By Joy Strangward

EASTER Monday saw a group of 14 walkers plus Bruno the dog journeying up to Goodrich Castle in Herefordshire to join Robin and his spaniel Biggles from Penarth and District Ramblers on a 9-mile walk in the glorious Wye Valley.

Setting off by road in hazy sunshine, a stone stile and steps led them downhill towards the lovely Flanesford Priory, an Augustinian priory founded by Sir Richard Talbot of Goodrich Castle in 1346 and where he is buried, which is now holiday accommodation. Pausing at Kerne Bridge to remove outer clothing they learned it was built in 1828 in order to carry coal and iron ore from the Forest of Dean to South Wales and was originally a toll bridge.

Following part of the long distance Wye Valley Walk and heading up steps into Thomas Wood the narrow path overlooked the calm River Wye frequented only by canoeists, Canada geese and swans, and clambering under and over fallen tree trunks they paused for morning break. Recognising deer prints in the soil below their boots the path led on towards the wide open banks beside the Wye, with the fields on the opposite bank stained bright yellow with crops of rapeseed as the sun disappeared, but it remained warm.

Heading around a huge bend in the river they gazed above to Courtfield, built in 1805 on the site of an earlier house by William and Teresa Vaughan, but with the subsequent alterations to the property much of its medieval history was lost. In the 1950’s it was sold to the Mill Hill Missionary Society as a training centre, then became a retreat but has now been returned into the ownership of the Vaughan family who farm the estate. Arriving at Welsh Bicknor and passing the camping site the grand Church of St Margaret came into view along with the Youth Hostel which was built as a rectory for the wealthy rector and landowner Stephen Allaway, who paid for the demolition of the Norman church and replaced it with a fine Victorian building which has since been renovated.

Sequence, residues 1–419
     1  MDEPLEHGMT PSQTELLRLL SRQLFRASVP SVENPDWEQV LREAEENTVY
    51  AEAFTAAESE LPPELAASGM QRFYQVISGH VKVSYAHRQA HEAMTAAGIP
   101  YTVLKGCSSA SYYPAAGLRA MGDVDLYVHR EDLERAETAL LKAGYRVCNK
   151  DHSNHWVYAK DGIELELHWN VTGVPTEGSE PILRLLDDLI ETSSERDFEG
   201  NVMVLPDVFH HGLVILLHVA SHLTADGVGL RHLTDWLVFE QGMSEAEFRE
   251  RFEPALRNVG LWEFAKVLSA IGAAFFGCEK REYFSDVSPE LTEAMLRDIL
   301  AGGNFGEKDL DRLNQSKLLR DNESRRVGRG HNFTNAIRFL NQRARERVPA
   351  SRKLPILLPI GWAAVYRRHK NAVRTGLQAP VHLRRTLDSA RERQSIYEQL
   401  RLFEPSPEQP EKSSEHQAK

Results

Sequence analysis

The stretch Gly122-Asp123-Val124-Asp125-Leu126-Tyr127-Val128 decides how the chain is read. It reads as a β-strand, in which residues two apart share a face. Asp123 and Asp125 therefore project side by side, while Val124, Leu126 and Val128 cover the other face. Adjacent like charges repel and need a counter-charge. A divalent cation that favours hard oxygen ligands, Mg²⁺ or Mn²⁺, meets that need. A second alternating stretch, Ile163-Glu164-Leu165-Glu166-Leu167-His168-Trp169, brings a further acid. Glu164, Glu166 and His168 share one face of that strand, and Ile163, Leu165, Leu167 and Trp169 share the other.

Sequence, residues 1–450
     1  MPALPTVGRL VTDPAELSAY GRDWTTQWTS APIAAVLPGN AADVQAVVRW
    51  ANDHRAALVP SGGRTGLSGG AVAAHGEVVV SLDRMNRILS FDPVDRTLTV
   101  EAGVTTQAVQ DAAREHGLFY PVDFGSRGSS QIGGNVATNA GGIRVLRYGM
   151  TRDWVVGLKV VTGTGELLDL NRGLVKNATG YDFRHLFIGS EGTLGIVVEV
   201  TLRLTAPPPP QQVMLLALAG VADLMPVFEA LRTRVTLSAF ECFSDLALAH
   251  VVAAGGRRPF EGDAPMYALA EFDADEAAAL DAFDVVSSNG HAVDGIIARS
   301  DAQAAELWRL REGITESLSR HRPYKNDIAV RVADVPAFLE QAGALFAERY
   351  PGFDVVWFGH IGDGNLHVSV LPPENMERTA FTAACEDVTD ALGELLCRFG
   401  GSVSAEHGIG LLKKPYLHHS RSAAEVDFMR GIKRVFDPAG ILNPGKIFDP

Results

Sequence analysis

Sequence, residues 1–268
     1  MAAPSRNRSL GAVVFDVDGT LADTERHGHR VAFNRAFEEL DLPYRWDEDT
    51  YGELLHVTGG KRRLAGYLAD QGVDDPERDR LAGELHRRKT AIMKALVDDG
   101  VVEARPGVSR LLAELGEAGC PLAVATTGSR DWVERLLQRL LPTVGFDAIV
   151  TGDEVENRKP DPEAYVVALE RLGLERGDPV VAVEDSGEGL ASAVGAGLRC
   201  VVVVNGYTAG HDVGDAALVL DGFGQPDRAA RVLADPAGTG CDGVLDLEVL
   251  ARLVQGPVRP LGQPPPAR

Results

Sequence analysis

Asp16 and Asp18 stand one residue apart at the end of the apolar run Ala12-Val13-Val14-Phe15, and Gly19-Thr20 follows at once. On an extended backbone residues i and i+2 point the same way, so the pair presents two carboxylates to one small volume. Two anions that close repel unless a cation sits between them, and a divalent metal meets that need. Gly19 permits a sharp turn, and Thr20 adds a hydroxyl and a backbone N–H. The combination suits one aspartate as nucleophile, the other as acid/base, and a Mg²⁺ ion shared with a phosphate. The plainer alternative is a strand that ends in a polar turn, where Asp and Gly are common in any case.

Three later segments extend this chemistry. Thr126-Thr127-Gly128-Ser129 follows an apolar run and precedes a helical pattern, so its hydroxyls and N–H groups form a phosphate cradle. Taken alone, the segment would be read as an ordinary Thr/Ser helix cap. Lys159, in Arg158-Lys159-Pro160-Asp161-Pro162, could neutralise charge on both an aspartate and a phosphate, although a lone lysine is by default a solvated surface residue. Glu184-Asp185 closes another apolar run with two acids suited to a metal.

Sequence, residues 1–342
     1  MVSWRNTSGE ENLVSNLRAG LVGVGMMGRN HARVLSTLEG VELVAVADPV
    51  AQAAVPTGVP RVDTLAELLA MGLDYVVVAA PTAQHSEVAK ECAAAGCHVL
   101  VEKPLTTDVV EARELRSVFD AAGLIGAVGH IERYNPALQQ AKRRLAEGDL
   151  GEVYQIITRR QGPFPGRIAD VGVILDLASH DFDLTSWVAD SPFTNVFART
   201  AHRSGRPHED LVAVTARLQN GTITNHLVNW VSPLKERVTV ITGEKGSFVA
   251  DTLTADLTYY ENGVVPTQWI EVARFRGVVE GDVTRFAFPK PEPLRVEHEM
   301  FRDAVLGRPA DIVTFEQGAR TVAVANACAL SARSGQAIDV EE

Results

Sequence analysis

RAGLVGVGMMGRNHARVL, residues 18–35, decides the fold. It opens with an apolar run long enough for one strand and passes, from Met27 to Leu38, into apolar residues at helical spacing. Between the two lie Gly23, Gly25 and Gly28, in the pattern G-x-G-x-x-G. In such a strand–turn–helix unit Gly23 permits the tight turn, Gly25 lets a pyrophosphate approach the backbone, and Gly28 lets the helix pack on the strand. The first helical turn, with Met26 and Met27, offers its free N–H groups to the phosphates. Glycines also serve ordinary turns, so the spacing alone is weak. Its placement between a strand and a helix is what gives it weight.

Moving on to arrive at the Stowfield Viaduct or the ‘Black Bridge’ as it is known, this was a rail link accessed by a tunnel in Thomas Wood, between Herefordshire and Lower Lydbrook in Gloucestershire on the opposite bank and was closed for repairs for several years, but is now fully open to foot passengers although repairs are incomplete.

As the sun reappeared a little further on they stopped for lunch utilising some handy fallen tree trunks for seating and refreshed moved on along the riverbank to pass a poignant memorial to the eleven people who were killed in an air crash on 7 June, 1942.

A Halifax bomber was testing airborne radar equipment which was vital for use in WW2 along with its inventor Alan Dower Blumlein, a great engineer and aged only 38, when it crashed on farmland near The Green. The project was so secret that his death was not announced for another two years and the cause of the crash was found to be a servicing error.

Entering Coldwell Wood where the woodland was awash with swathes of bluebells and wild garlic there was a stop to view the memorial to John Whitehead Warre, a 16-year old who was drowned in the River Wye. His brother and sister along with his parents were being rowed along the river on 11 September 1804 in exceedingly good weather for the time of year and they decided to stop off for a picnic.

The boy decided to go for a swim in the river and was overtaken by cramp and sank. One of the boatmen went in to save him but the boy struggled and the boatman was forced to let go of him to save his own life. His body was conveyed to Monmouth where it was buried and apart from rewarding everyone who was involved in the tragedy for their help, his parents decided to put a memorial at the spot to warn others about the ‘deceitful stream’.

Another bend in the river led them below the massive Coldwell Rocks where peregrine falcons nest and the viewing platform some 500ft above them at the Yat Rock. On past passive Hereford cattle where a stile led them onto the lower slopes of Coppett Hill Nature Reserve, where moss covered stones beside the narrow woodland path led them gradually uphill to a country lane with great views to St Giles Church in the valley below. The overlooking the Kerne Bridge in the distance upstream, the return was made by road before the journey home.

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